Young cats typically have healthy kidneys, so when a young cat shows signs of acute kidney damage, consumption of a toxic substance is one of the first things veterinarians investigate, McLean says.


    Early veterinary treatment is critical. McLean says that even if you just suspect that your cat has eaten a lily, you should call your veterinarian immediately or, if the office is closed, take your cat to an emergency veterinary clinic. The vet may induce vomiting if the cat just ate the lily, and will give the cat intravenous fluids to prevent dehydration and preserve kidney function.

    Other lilies, like Calla and Peace lilies, don’t cause fatal kidney failure, but they can irritate your cat’s mouth and esophagus. Lilies of the Valley are toxic to the heart, causing an abnormal heart rhythm. If you think your cat has eaten any type of lily, contact your veterinarian.


    Lilies are not a great danger to dogs, McLean says. Dogs may have some gastrointestinal issues if they eat a lily, but nothing considered life-threatening.

    Does this mean that you can’t have lilies in your home if you have a cat? Although it’s best not to have them in your home, if you want to enjoy these pretty spring flowers, McLean says to be sure to keep the plant someplace that your high-jumping pet can’t reach.

    Visit the ASPCA’s website to view a list of plants that are toxic and non-toxic to cats.

  • Spraying/Marking Territory or Urinating

    The most common behavior problem reported by cat owners is spraying. These cats do not have a litter box problem — it’s a communication problem. Urine marking is a form of communication used by cats.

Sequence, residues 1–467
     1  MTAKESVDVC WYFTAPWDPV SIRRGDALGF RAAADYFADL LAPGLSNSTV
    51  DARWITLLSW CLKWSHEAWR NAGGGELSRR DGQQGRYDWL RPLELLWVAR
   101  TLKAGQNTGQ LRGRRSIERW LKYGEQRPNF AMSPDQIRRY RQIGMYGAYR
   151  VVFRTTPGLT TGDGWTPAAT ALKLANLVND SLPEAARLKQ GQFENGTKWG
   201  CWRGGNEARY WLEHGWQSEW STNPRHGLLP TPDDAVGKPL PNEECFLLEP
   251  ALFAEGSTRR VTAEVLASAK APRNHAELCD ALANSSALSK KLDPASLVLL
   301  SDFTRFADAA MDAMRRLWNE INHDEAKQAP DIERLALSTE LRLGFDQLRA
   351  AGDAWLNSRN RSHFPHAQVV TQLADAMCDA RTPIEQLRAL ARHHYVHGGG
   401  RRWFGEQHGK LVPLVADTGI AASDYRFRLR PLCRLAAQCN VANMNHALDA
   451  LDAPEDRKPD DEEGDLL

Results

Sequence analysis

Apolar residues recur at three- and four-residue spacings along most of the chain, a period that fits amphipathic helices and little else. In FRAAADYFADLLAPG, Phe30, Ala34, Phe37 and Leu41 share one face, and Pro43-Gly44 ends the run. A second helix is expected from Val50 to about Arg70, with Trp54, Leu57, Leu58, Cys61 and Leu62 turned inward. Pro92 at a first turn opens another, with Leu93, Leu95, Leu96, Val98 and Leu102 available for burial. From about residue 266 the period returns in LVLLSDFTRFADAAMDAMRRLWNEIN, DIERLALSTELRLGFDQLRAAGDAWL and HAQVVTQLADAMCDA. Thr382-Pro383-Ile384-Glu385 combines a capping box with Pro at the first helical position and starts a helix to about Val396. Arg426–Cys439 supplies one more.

Rather than rewrite the information, please check the following links for great articles on spraying and urinating:

  • How to Tell a Kitten’s Age in 4 Steps

    When kittens enter your care accompanied by little or no background information, do you know how to determine their ages? Age is an important factor in determining the best courses of care and socialization, and we have four key questions that can help.

    1) How do her teeth look? Baby teeth start to come in around 3 weeks of age and permanent teeth at 3-4 months. The middle incisors are the first to come in around 14 weeks, with the second and third incisors following at about 15 and 16 weeks, respectively. Kitten teeth are tiny, which makes it tricky to tell if the incisors are baby or permanent. It’s easiest when you have some of both to serve as a comparison. The baby teeth are a little smaller with pointed tips, while permanent teeth are a little wider with flat edges.

    2) How much does he weigh? A kitten’s weight in pounds roughly corresponds to his age in months, and he will gain weight at a relatively predictable rate until about 5 months of age. As long as a kitten is in good body condition, you can safely guess that a 1-pound kitten is about 4 weeks old and a 3-pound kitten is about 12 weeks old.

    3)  Are her eyes open? Kittens are born with their eyes closed, and they don’t open until about 10 days of age.

    4) Is he walking and playing? Most kittens start walking around 3 weeks of age, but take a little longer to gain their coordination. You can be comfortable saying a kitten who is walking pretty well and playing is at least 4 weeks of age.

    View the original ASPCA Professional article.


  • “In Heat”

    Kittens reach sexual maturity around 7 months. Female cats have an estrus cycle, also referred to as being “in heat”, several times a year, usually from January until late fall. In Southern California, due to our warm weather, cats will cycle all year round. For these reasons, it is extremely important to spay/neuter kittens as soon as they are ready.


    The most notable signs of estrus in cats are behavioral. Most cats become very affectionate, even demanding; they persistently rub against people or objects such as furniture, rubbing against their owners and constantly demanding attention. They roll on the floor. When stroked along the back or spine, they raise their rear quarters into the air and tread with the back legs. They also become very vocal. These behavior changes often become annoying to owners, and sometimes owners think their cat has some unusual illness.

  • Milk & Other Dangerous Foods

    Many cats are lactose intolerant. It’s important that you don’t give your kitty milk that isn’t designed for them.

    Foods that should not be given to cats include onions, garlic, green tomatoes, raw potatoes, chocolate, grapes and raisins.